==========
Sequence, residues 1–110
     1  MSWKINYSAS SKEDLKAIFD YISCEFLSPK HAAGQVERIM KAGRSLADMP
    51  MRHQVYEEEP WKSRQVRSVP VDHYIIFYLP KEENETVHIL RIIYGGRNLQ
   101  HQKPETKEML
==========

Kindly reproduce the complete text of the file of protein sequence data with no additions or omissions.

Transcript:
Sequence, residues 1–110
     1  MSWKINYSAS SKEDLKAIFD YISCEFLSPK HAAGQVERIM KAGRSLADMP
    51  MRHQVYEEEP WKSRQVRSVP VDHYIIFYLP KEENETVHIL RIIYGGRNLQ
   101  HQKPETKEML